• Large Historic Rehabilitation Projects: The second pool is set aside for larger historic commercial projects with significant capital investment with projected QREs in excess of $2 million.
    • All projects must be certified by the State Historic Preservation Office
    • Minimum expenditure to equal 25% of original purchase price, less land value
    • These projects will receive a 20% state tax credit for all QREs and credits are transferable with a maximum tax credit per of $1 million.
    • Large projects located in state and/or federal disaster designations will qualify for a state tax credit of 25% of QREs if placed in service up to 8 years following such designation.
  • Strict Safeguards with Predictable Funding Structure: 
    • The program is strictly structured so that the State approves applications up front but no tax credit is realized until projects are completed and all construction investments have been made.
    • Only rehabilitation projects that begin on or after 7/1/15 are eligible for the tax credit and no credit will be issued until FY16.
    • Only properties designated historic at the local, state or national level are eligible and a minimum expenditure is required equal to 25% of the original purchase price of the property.
    • Third party audits are required on projects with anticipated tax credits over $250k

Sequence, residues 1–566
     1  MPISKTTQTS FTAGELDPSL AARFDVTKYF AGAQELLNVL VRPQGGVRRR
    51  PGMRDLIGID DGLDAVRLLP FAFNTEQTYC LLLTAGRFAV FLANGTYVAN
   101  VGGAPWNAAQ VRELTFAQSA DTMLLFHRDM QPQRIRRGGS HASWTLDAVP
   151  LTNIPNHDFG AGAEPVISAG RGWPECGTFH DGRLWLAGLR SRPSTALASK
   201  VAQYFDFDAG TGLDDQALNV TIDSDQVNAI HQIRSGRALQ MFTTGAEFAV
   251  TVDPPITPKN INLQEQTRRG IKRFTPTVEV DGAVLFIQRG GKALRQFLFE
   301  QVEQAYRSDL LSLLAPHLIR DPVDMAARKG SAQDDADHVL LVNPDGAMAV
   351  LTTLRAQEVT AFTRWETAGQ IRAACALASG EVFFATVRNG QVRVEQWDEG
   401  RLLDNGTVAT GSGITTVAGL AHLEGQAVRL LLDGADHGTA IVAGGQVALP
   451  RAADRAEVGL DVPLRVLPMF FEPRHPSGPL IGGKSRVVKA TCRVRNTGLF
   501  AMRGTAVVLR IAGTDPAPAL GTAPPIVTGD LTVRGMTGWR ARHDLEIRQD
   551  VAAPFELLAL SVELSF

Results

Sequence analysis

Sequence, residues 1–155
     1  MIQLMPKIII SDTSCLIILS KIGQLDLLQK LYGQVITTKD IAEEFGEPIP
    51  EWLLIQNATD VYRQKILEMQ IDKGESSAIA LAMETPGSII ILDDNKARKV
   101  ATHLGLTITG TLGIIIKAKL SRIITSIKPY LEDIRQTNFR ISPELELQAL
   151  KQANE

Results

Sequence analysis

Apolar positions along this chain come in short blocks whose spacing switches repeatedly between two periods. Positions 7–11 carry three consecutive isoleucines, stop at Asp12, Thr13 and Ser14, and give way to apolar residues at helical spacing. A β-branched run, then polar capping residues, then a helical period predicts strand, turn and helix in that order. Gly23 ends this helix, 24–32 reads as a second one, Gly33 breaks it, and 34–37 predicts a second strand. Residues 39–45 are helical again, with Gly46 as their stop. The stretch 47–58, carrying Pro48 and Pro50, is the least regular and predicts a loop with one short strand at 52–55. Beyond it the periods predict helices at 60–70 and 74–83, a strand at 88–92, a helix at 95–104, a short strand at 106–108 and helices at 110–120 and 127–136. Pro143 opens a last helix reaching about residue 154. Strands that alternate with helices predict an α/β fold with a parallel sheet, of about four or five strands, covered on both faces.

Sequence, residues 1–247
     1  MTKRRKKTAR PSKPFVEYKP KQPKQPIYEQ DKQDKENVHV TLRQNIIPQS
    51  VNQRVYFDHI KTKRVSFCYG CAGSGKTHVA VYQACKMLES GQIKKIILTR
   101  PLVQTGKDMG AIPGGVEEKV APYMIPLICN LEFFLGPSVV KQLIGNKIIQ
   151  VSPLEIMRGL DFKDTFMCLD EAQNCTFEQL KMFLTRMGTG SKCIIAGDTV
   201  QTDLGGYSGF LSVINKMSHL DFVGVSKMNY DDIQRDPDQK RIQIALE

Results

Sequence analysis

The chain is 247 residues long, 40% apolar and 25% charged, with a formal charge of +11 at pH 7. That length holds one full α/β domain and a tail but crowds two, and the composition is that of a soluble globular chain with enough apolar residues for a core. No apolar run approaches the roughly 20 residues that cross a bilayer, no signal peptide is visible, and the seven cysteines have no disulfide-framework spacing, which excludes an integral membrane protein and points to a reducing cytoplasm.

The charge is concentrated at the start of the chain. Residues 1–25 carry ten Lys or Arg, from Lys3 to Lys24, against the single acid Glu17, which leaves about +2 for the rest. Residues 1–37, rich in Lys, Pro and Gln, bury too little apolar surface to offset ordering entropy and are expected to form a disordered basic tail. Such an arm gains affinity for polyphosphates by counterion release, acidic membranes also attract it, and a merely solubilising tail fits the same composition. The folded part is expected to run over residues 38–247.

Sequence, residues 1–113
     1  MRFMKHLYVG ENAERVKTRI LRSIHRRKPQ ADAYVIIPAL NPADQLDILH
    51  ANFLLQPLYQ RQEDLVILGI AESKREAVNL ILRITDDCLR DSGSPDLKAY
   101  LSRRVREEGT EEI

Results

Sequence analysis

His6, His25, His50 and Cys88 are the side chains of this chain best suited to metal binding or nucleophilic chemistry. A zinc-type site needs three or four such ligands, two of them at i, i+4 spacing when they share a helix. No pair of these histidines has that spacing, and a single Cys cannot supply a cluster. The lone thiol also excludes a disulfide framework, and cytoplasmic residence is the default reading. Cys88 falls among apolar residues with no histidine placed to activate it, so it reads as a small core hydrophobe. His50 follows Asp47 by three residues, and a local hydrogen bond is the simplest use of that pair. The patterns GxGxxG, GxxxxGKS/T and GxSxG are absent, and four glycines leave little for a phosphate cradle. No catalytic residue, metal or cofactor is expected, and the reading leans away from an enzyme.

• A report will be made to the General Assembly in FY17 regarding the program’s impact on job creation and economic development.

Helpful Links:

What are Tax Credits?

More About the Colorado State Tax Credit

Federal Tax Credits

Historic Denver, Inc.

Other Tax Credits Available

A BIG thank you to all of our partners for getting this bill passed!

Donate to CPI

We hope you will extend your appreciation for Colorado's past into an investment in its future by making a tax-deductible gift today.

Featured Project

4 Bar 4 Ranch

Homesteaded in 1895 by Dick McQueary to provide a stop for the Georgetown Stage Line, the 320-acre 4 Bar 4 Ranch has strong ties to Grand County and Colorado's heritage. The Georgetown Stage Line traveled on the road through the 4 Bar 4 Ranch from Idaho Springs to Hot Sulphur Springs over Berthoud Pass. In 1895 a roadhouse and stage stop were constructed on the ranch. The hotel and barn were constructed using trees from the Ranch property, and the hotel remained open for travelers coming over Berthoud Pass by horseback and wagon until 1913. With the coming of the automobile, the roadway over Berthoud Pass and through the 4 Bar 4 Ranch was considered an integral part of the Trans-Continental “Midland Trail” highway. Following the closing of the stage line, the ranch continued to host travelers until 1912 or 1913 when it was purchased and converted into a Ford Motor Company . Ford vehicles were sold here until 1917, when Harry Larkin purchased the ranch site. Today emergency efforts are underway to ensure it survives through the winter. Donations are in need. To learn more, contact Jennifer Orrigo Charles at jorrigocharlges@coloradopreservation.org.